Colt Defense LLC announced Sunday night that the 179-year-old company is filing for bankruptcy.
The firearms company filed for Chapter 11 bankruptcy in the U.S. Bankruptcy Court in Wilmington, Del., and Colt officials say they plan to restructure financially during this time. This process, according to a press release on Colt's website, will allow for the "accelerated sale" of the company's business operations in the U.S. and Canada.
“The plan we are announcing and have filed today will allow Colt to restructure its balance sheet while meeting all of its obligations to customers, vendors, suppliers and employees and providing for maximum continuity in the Company’s current and future business operations,” Keith Maib, Chief Restructuring Officer of Colt Defense LLC, said in the release.
"Importantly, Colt remains open for business and our team will continue to be sharply focused on delivering for our customers and being a good commercial partner to our vendors and suppliers," Maib said. "We look forward to successfully executing on this plan, which provides a sound path of stewardship for an iconic American brand and the key stakeholders we serve.”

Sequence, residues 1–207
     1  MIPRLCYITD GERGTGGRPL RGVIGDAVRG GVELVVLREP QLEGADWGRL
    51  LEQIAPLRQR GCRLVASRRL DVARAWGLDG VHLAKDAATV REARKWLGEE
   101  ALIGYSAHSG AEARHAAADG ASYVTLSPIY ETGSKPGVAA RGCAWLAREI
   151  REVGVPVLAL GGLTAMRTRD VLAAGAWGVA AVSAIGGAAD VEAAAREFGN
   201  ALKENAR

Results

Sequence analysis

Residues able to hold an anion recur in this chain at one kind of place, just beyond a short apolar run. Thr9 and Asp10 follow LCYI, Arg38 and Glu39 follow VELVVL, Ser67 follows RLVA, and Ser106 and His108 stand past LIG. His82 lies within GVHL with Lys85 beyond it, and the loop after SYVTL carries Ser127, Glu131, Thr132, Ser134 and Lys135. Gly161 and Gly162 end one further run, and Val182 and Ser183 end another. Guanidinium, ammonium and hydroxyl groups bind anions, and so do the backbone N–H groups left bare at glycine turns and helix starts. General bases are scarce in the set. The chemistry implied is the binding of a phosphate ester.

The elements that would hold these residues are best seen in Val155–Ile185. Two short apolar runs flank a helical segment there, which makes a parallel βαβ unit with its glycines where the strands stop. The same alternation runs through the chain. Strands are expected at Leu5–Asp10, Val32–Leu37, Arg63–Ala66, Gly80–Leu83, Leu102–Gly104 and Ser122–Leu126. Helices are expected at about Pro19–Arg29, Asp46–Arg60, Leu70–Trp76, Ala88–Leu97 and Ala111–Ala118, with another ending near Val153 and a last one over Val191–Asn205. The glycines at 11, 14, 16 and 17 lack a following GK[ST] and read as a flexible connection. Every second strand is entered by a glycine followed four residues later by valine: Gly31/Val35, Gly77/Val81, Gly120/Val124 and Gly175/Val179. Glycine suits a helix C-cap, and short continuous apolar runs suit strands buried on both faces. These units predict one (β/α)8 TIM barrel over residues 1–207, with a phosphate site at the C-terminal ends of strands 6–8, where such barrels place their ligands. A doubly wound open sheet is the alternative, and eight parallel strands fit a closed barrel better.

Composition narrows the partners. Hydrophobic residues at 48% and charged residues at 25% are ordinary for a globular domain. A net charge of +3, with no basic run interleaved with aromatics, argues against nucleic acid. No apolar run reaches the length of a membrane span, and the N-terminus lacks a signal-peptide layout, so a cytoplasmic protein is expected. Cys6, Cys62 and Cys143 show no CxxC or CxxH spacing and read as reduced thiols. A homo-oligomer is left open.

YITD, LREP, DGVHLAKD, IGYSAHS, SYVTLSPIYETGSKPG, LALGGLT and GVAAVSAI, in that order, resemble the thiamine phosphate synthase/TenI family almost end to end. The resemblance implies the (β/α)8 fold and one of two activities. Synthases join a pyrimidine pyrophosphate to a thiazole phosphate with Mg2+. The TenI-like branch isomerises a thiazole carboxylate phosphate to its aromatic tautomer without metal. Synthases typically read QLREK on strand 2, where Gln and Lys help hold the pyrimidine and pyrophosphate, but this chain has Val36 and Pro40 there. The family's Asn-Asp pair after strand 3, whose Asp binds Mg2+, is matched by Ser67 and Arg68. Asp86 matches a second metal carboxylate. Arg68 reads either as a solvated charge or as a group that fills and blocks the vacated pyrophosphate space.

According to Bloomberg, Colt, the maker of M4 and M16 military rifles, reported in an earlier filing that the company was struggling financially due to delays in U.S. government and foreign sales. A change in demand for sporting rifles and commercials handguns also reportedly contributed to the noted company's financial woes.
In the press release, Colt said Sciens Capital Management LLC will act as a "stalking horse bidder" for the company's assets and liabilities. Colt's current management team is to remain in place.
The company claimed its “present situation concerning customer confidence and its ability to meet current customer demands for finished rifles and handguns is fragile," according to the Wall Street Journal.
The WSJ also reported that Colt's debts and assets range from $100 million to $500 million.
According to Bloomberg, the company's financial troubles have been ongoing. Colt took out a $70 million rescue loan from Morgan Stanley in November.